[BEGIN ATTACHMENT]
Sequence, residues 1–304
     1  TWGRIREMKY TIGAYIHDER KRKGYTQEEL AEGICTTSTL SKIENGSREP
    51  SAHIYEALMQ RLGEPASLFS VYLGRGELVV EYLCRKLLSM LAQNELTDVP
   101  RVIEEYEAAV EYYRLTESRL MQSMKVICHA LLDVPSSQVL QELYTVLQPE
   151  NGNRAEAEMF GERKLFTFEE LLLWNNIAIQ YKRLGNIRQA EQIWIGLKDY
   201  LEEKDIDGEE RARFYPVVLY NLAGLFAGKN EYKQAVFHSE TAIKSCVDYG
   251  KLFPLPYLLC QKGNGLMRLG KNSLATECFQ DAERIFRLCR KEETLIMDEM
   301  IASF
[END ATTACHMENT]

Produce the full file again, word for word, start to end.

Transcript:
Sequence, residues 1–304
     1  TWGRIREMKY TIGAYIHDER KRKGYTQEEL AEGICTTSTL SKIENGSREP
    51  SAHIYEALMQ RLGEPASLFS VYLGRGELVV EYLCRKLLSM LAQNELTDVP
   101  RVIEEYEAAV EYYRLTESRL MQSMKVICHA LLDVPSSQVL QELYTVLQPE
   151  NGNRAEAEMF GERKLFTFEE LLLWNNIAIQ YKRLGNIRQA EQIWIGLKDY
   201  LEEKDIDGEE RARFYPVVLY NLAGLFAGKN EYKQAVFHSE TAIKSCVDYG
   251  KLFPLPYLLC QKGNGLMRLG KNSLATECFQ DAERIFRLCR KEETLIMDEM
   301  IASF